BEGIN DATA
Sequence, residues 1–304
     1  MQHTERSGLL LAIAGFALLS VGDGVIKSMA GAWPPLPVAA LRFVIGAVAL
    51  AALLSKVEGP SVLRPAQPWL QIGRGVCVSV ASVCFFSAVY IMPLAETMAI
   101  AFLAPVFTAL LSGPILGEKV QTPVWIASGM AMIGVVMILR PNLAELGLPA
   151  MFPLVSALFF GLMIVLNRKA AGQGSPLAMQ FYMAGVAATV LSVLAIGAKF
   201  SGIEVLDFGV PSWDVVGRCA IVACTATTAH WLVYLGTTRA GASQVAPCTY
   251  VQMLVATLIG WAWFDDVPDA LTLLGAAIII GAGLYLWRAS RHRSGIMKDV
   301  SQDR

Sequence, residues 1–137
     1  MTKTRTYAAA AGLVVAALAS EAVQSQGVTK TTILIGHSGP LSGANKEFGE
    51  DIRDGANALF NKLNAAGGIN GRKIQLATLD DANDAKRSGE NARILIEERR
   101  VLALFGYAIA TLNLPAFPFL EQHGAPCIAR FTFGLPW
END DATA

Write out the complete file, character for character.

Sequence, residues 1–304
     1  MQHTERSGLL LAIAGFALLS VGDGVIKSMA GAWPPLPVAA LRFVIGAVAL
    51  AALLSKVEGP SVLRPAQPWL QIGRGVCVSV ASVCFFSAVY IMPLAETMAI
   101  AFLAPVFTAL LSGPILGEKV QTPVWIASGM AMIGVVMILR PNLAELGLPA
   151  MFPLVSALFF GLMIVLNRKA AGQGSPLAMQ FYMAGVAATV LSVLAIGAKF
   201  SGIEVLDFGV PSWDVVGRCA IVACTATTAH WLVYLGTTRA GASQVAPCTY
   251  VQMLVATLIG WAWFDDVPDA LTLLGAAIII GAGLYLWRAS RHRSGIMKDV
   301  SQDR

Sequence, residues 1–137
     1  MTKTRTYAAA AGLVVAALAS EAVQSQGVTK TTILIGHSGP LSGANKEFGE
    51  DIRDGANALF NKLNAAGGIN GRKIQLATLD DANDAKRSGE NARILIEERR
   101  VLALFGYAIA TLNLPAFPFL EQHGAPCIAR FTFGLPW